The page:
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Nkosazana Dlamini-Zuma flanked by Adriano Mazzotti (left) and Carnilinx COO Mohammadh Sayed. Picture: SUPPLIED.
Nkosazana Dlamini-Zuma flanked by Adriano Mazzotti (left) and Carnilinx COO Mohammadh Sayed. Picture: SUPPLIED.

Co-operative governance and traditional affairs minister Nkosazana Dlamini-Zuma has rubbished allegations that she is an associate of alleged tobacco smuggler Adriano Mazzotti, despite being photographed with him.

Speculation has been rife that Dlamini-Zuma’s insistence that the sale of tobacco remain banned during the lockdown is largely meant to benefit alleged illicit traders, such as Mazzotti. Old pictures of Dlamini-Zuma with Mazzotti have been circulating on social media since Dlamini-Zuma announced that the ban would remain during level 4 of the lockdown, despite President Cyril Ramaphosa previously announcing that it would lifted.

Ramaphosa announced on Sunday that, while the sale of alcohol will be allowed when the lockdown is downgraded to level 3 on June 1, tobacco sales remain prohibited for health reasons.

During an online meeting of the National Council of Provinces on Tuesday, DA MP Cathlene Labuschagne said there was no evidence that the prohibition of cigarettes decreased the risk of Covid-19.

“Smoking continues but has been taken underground, which could be the intention of the cabinet and more specifically the minister [Dlamini-Zuma], who is known to have visited [Europe] with Mazzotti but now denies they are friends,” Labuschagne said.

“Where will the two unfriendly travel partners be going with [their] profits once the lockdown is completely lifted?” she asked.

Dlamini-Zuma dismissed suggestions that she has links with Mazzotti and insisted that banning tobacco is rational given the health concerns.

“I must also put it on record that I am not Mazzotti’s friend. Secondly, if anyone is doing crime they must be arrested. Whatever crime, whether [involving] cigarettes, those people who are doing crime must be arrested.”

Dlamini-Zuma has also previously denied that she accepted money from Mazzotti.

In 2017, the Sunday Times reported that Dlamini-Zuma’s failed bid to for the ANC presidency had been funded by Mazzotti.

Mazzotti has denied allegations that he may have influenced the government to ban tobacco products during the lockdown for self-gain. He has reportedly said the fact that he is challenging the cigarette ban shows that he is not benefiting from any alleged close links with ministers.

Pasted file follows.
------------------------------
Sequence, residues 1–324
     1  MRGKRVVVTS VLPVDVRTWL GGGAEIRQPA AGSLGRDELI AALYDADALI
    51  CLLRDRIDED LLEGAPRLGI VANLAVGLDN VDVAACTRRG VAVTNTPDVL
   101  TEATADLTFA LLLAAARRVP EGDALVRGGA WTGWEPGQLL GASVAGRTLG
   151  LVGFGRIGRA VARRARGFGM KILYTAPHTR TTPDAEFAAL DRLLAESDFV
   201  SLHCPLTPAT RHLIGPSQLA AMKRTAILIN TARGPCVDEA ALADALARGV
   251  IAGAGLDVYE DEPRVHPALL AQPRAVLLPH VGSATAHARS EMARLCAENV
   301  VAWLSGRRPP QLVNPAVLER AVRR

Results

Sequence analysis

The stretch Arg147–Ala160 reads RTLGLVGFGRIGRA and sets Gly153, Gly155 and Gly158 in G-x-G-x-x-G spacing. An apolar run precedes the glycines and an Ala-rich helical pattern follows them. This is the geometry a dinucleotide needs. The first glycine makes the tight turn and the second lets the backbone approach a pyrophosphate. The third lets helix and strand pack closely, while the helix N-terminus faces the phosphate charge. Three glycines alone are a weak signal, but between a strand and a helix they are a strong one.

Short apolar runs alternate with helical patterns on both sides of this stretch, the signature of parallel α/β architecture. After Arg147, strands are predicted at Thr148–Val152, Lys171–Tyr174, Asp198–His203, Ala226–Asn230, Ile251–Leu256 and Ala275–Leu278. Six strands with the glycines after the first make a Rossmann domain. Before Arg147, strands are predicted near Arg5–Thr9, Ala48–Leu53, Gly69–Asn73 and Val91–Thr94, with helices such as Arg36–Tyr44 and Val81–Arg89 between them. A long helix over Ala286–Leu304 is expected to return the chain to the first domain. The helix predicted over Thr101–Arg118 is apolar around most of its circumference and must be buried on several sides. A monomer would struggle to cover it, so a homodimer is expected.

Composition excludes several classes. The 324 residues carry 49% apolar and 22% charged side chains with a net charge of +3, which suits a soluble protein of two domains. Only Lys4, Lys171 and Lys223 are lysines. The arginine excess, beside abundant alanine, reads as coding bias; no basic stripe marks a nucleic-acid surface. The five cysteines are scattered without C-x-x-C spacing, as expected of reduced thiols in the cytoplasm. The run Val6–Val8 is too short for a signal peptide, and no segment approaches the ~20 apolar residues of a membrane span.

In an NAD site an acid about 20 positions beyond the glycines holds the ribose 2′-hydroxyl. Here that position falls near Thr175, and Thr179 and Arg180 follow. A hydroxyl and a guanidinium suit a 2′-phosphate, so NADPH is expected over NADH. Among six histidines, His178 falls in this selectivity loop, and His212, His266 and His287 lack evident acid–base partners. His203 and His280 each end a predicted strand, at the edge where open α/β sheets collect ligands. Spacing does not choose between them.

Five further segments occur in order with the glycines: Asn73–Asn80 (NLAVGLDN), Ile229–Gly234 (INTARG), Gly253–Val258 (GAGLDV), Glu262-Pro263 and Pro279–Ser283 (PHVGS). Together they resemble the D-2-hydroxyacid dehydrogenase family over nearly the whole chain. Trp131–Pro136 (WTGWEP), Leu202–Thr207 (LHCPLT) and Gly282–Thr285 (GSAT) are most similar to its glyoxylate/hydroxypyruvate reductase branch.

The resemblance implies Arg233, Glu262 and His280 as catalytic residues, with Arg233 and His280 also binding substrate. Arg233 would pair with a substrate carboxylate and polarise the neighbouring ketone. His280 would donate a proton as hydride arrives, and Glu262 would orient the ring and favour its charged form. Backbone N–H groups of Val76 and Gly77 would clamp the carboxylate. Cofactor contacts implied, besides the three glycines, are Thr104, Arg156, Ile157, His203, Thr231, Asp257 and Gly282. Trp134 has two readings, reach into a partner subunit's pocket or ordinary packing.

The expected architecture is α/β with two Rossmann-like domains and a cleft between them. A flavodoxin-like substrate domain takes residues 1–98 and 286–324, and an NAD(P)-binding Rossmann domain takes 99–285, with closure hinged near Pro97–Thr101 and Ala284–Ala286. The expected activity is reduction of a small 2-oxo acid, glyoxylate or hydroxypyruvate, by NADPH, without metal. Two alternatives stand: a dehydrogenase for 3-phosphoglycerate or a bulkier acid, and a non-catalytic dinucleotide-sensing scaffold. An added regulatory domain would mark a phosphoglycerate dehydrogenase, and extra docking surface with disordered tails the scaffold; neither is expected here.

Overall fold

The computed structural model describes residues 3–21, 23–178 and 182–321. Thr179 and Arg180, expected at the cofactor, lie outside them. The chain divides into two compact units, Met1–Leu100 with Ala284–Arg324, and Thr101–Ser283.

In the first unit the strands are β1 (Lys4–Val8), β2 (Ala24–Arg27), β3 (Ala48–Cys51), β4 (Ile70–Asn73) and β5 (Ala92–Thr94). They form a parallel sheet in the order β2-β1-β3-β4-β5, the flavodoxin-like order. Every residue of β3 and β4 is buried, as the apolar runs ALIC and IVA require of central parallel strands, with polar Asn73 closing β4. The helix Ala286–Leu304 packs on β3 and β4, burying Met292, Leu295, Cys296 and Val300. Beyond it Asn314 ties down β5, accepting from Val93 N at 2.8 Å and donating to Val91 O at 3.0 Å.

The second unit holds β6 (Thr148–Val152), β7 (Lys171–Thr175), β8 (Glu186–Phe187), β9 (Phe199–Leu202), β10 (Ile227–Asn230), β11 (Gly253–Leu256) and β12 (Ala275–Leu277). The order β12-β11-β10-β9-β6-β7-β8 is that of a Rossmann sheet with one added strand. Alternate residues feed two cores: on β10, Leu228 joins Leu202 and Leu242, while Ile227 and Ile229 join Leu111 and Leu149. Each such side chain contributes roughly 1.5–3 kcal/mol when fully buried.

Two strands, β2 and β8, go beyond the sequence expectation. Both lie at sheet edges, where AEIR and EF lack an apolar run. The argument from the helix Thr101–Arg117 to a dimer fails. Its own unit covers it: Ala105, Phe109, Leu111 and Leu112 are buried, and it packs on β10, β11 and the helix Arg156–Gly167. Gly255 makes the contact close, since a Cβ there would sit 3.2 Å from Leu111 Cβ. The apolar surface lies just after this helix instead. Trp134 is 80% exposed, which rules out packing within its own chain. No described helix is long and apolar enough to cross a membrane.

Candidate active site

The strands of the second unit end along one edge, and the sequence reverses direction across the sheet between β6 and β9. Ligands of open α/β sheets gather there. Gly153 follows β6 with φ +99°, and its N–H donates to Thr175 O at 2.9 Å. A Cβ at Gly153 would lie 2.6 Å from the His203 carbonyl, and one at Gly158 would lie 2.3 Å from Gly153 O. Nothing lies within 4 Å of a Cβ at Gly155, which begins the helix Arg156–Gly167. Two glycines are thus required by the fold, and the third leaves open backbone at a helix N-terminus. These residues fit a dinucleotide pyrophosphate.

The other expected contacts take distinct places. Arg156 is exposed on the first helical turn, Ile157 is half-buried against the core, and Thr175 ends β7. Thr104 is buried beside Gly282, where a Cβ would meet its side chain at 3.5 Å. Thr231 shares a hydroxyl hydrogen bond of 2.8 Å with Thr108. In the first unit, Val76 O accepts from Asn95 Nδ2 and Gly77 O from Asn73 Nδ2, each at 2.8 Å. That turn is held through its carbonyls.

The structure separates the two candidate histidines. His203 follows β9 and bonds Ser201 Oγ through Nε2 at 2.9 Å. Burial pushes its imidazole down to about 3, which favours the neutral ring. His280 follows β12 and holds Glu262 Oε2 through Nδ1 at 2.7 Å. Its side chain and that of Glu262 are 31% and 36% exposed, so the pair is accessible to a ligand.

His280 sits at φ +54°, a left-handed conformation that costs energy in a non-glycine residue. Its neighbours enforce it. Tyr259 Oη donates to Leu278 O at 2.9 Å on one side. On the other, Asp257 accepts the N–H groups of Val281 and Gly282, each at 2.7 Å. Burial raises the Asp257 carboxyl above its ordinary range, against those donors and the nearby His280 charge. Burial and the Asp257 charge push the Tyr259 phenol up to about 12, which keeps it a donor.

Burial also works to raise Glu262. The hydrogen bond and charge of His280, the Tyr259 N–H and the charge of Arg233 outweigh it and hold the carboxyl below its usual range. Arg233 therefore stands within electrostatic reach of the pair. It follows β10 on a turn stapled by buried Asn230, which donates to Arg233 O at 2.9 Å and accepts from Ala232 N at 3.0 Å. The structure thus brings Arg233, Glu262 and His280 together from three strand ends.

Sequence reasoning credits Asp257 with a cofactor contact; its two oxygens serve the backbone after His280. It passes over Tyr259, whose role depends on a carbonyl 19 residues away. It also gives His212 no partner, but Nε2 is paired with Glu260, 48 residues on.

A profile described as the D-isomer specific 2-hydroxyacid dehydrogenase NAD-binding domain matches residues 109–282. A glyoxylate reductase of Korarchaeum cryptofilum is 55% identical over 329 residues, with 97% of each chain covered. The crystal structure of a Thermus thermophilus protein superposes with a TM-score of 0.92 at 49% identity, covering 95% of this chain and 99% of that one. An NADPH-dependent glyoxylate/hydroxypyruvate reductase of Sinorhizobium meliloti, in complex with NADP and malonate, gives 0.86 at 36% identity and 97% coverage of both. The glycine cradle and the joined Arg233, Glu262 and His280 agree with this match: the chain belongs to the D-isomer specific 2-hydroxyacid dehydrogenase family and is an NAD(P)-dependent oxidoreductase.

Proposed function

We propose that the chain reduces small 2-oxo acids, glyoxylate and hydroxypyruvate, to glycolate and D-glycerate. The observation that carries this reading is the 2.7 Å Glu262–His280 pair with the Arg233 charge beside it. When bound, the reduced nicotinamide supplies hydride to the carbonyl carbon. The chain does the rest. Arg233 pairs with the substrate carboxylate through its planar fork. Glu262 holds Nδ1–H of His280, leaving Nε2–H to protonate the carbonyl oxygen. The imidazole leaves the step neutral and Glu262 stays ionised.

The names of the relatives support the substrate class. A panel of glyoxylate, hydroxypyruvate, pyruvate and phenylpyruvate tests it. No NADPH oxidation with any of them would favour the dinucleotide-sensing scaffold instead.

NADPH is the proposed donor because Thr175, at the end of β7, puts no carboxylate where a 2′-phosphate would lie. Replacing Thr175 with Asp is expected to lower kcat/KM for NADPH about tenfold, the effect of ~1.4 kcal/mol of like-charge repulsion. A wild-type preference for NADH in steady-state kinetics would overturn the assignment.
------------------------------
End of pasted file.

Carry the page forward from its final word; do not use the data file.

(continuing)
The illicit trade in cigarettes, particularly local brands, has skyrocketed since the lockdown came into force, with the state set to lose out on tax revenue. SA Revenue Service (Sars) commissioner Edward Kieswetter recently told parliament that there had been an under-recovery of more than R1.5bn on the sale of alcohol and cigarettes in the month of April. Finance minister Tito Mboweni said revenue in 2020/2021 could be 32% lower or more at a time when there was immense pressure on government expenditure.

Dlamini-Zuma said while she could not go into specifics since the tobacco ban matter was now in court, research from China, the US and the UK shows that “people who smoke do have problems with the lungs and if they do get the infection they are more likely than nonsmokers to get a more serious disease and they might need ventilation.”

She said the World Health Organisation had also published a paper touching on the health benefits of nonsmoking showing that the short term benefits include improved functioning of the lungs.

“We also know that in our communities when people smoke, they can share the cigarette, which puts them in danger of getting the virus,” the minister said.

The tobacco industry has countered by pointing to other peer reviewed studies that suggest current smokers are less likely to be hospitalised when testing positive for Covid-19 and that nicotine may offer potential protection against the disease.

The Fair Trade Independent Tobacco Association (Fita), of which Mazzotti is a founding member, has launched an urgent court challenge to the tobacco ban, citing, among other concerns, the rise of illicit trade as well as the loss of revenue for the state.



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